To be or not to be an unashamed red-top

The Mirror’s letterhead could reasonably be graced with the line "A Trinity Mirror Newspaper". Instead, the £1.17bn company chooses to proclaim its flagship, "A Trinity Mirror Business". What better clue to the priorities that will govern the decision whether to chuck its red-top badge?

The debate is perversely clouded by the latest ABCs, showing sales up 15,000 year-on-year against The Sun’s 123,000 drop. Should this persuade Trinity Mirror to leave well alone? Or encourage the board to let Piers Morgan go for it, having already run enough non-red-top page ones to demonstrate an exciting 21st century look?

But a more vital question is whether The Mirror’s achievement in becoming the most talked-about newspaper of the year (on everyone’s lips every day this week with its freedom of expression battle against Naomi Campbell) will accelerate The Sun into a rethink.

Though 1.3 million ahead and more combative than ever, The Sun must sooner or later take a long, hard look at a format fundamentally little changed since its Soaraway Seventies.

It is indicative that, as The Mirror blurbed its ABC triumph, The Sun was running a black-and-white shot of "Ravishing Rachel" to introduce a week of page-three pin-ups of bygone years.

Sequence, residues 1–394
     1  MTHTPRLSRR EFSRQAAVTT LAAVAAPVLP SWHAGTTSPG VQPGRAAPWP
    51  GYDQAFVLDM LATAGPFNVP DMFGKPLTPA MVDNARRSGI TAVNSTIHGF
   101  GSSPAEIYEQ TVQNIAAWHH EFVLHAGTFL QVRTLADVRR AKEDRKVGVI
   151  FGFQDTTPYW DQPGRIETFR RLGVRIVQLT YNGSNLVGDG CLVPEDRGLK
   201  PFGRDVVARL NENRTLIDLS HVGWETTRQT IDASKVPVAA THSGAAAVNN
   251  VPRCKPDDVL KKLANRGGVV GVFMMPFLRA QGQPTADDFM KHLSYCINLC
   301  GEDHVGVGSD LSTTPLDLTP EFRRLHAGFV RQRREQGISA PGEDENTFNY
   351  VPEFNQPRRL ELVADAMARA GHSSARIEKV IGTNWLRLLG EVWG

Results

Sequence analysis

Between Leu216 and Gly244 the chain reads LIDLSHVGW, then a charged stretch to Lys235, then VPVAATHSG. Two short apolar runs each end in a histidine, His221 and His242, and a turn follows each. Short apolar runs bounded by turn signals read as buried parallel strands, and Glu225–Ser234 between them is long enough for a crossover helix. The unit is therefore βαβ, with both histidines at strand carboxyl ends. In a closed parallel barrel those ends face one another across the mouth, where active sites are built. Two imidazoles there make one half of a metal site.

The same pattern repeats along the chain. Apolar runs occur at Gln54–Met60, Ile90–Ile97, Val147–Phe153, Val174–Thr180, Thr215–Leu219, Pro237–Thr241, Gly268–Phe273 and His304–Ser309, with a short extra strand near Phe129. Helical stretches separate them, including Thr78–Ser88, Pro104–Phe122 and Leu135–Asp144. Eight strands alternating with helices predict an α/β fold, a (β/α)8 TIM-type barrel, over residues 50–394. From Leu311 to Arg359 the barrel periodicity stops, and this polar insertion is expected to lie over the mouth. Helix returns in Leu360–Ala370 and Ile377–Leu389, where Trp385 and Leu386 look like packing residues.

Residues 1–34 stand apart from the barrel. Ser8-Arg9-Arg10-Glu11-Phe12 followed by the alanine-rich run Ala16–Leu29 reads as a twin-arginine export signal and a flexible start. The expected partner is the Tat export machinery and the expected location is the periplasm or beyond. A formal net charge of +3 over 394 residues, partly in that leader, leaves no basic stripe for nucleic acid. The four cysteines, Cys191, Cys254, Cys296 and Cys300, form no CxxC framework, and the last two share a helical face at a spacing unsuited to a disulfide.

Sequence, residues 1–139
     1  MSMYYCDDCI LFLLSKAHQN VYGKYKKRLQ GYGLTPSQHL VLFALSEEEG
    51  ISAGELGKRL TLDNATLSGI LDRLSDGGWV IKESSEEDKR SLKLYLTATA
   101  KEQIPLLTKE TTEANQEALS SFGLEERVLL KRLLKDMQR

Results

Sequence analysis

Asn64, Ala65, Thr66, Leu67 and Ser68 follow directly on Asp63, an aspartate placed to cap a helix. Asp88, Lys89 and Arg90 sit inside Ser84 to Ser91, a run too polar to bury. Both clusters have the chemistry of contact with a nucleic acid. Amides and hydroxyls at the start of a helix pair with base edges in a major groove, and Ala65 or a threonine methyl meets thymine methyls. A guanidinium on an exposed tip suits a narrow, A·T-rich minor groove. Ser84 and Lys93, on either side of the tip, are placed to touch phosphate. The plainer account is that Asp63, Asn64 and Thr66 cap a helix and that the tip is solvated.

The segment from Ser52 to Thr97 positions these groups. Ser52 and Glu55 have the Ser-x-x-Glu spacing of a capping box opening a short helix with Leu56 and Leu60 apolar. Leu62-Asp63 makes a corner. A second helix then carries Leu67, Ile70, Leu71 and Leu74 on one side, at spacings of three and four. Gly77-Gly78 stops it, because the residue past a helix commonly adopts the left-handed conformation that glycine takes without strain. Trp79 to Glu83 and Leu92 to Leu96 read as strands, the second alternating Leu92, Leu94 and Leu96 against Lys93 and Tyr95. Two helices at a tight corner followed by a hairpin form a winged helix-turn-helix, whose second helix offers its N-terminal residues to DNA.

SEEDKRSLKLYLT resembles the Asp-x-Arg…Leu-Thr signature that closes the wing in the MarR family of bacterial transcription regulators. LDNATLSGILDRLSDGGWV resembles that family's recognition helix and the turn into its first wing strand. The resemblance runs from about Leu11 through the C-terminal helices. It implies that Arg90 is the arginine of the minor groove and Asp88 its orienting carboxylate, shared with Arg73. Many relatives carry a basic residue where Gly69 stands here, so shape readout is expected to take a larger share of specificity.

It may pray that Morgan gives John Pilger a spread six days a week. It may trust that the earnest Dr Jekyll Mirror continues to be confounded by the deadly Mr Hyde Mirror, yah-booing rival David Yelland while massively misjudging its own readers’ feeling over Camp X-Ray.

But The Mirror has impressively repositioned itself (on most days anyway) with a serious news agenda projected by modern design and a transfusion of rousing anti-Establishment commentators.

Should The Sun ignore it? Will The Sun ignore it? Can The Sun ignore it?

Rupert Murdoch is unlikely to have forgotten that it might never have got off the launchpad had The Mirror not folded its arms, dismissing its challenger as silly, and doomed anyway. He will hardly make that mistake himself.

The Mirror’s last great leap upward coincided with a high policy decision that it was time to open all the windows and let in fresh air (and let out stale attitudes). Immediately, the revitalised paper was on its way to 5 million.

Mind you, those were the good old days when Pilger was a happy, young Mirror feature writer, writing happy, young Mirror features.

 

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